The Mandel vs. "socialism" debate -- a good way to hidefrom reality

Doyle Saylor djsaylor at
Thu Jan 2 06:41:59 MST 2003

Greetings All, Hello Mark,
I'd like to reference my understanding of bureaucracy a little bit.  For
example one divides an administration into sections one could call
departments, or bureaus.  There is work to be done.  In the old days for
example file clerks like I have frequently done in the past would take
papers that were generated and put them away or fetched them for further
use.  How that paper work was actually set up was policy.    So a department
might be called social security.  Or in Russia some similar division of a
field of government work would entail doing paper work.    Or in
universities an academic department would be born as a new field is
realized.  African American studies during the sixties.

I'm thinking about how I've read about how the party functioned in China and
how the party applied itself to various political problems.  I can't say I
know well how the party did Brain work there, but from reading various books
like Fanshen I get a sense that the party divided the work up for cadres and
administered how ordinary members of the organization did work.

To put this in the context I am now familiar with though.  In a very large
corporation administrative work, which is what a file clerk is more or less
called now in places like where I work now,  can work with a staff
distributed across several states and countries.  So I might work on a help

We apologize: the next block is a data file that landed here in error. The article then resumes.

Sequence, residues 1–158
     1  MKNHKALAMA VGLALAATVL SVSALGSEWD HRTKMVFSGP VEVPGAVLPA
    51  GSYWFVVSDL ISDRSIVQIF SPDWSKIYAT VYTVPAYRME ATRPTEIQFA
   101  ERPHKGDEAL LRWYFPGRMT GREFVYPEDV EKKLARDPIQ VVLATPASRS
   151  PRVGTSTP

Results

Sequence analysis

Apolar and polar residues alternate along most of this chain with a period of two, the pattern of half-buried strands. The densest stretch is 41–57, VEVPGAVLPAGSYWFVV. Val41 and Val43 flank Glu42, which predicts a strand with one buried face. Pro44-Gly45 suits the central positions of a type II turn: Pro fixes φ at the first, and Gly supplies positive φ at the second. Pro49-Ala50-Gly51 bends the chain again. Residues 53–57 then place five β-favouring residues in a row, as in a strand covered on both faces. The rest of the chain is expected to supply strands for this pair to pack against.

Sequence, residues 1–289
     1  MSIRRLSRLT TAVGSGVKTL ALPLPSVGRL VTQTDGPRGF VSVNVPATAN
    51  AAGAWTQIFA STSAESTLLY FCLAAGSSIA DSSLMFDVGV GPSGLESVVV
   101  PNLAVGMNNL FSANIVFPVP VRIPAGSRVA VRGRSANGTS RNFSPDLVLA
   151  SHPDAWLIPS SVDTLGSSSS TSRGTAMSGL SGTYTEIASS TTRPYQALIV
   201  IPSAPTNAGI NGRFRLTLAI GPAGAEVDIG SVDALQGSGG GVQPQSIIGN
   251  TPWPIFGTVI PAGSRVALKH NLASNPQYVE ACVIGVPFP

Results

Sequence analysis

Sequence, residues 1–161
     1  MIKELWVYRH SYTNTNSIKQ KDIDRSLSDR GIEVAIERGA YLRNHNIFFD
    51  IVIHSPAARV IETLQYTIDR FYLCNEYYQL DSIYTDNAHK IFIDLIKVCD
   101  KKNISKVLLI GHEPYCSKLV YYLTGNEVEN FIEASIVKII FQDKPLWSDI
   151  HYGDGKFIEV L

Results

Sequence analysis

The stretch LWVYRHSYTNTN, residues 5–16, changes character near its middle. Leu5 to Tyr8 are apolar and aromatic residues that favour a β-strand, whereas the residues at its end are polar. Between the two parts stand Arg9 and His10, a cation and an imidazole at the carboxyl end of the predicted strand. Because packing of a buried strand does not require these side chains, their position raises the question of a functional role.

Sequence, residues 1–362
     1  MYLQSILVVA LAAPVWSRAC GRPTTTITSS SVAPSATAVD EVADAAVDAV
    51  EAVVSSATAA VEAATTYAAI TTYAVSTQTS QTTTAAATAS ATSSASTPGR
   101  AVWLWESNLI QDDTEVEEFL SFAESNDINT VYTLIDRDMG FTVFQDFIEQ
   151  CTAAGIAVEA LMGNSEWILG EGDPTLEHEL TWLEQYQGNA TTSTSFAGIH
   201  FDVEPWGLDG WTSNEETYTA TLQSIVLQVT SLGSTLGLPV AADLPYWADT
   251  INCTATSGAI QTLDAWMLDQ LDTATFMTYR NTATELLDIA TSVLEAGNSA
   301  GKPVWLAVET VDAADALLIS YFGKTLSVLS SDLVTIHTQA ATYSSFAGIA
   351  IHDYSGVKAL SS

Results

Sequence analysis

desk in Ireland, India, etc for the U.S.  That is what a bureaucracy looks
like to me now.  So how am I to understand dividing up this labor so that we
can build a socialist movement?  In particular, I would like to get at how
to think about ordinary political work would be like where I am using
computers most of the time.  At one time for example when I was in a little
tiny sect we had to sell these abominable newspapers.   The work itself had
it's virtues.  I met people on the street.  I learned basic economics of
keeping track of sales.  Any organization now though could simply make a web
site with lower costs, and easier distribution.  I don't have to worry about
putting the files away in metal cabinets, so the kind of bureau work or
department work I am familiar with is being affected.  The way things are
divided up into departments is being affected.  There are still divisions of
brainwork, but I may work with someone I never personally meet.  I may be
paired with someone somewhere for an hour on a job, and then re-assigned to
something else on another spot geographically elsewhere.  And if I talk on
a phone with a group makes a difference also.  Some of the work is typing
work, and some of it is vocal.

So I've described a crude picture of what bureau work seems to me.  Why is a
bureau a significant tool of advancing capitalist systemic relationships?  I
think Henry is a brilliant writer about economic issues.   And also you have
a tremendous insight into the old Soviet system.   If we got to the point
where we had enough political support what would our left do to make that
sort of work socialized into a good marxist system?
Doyle Saylor

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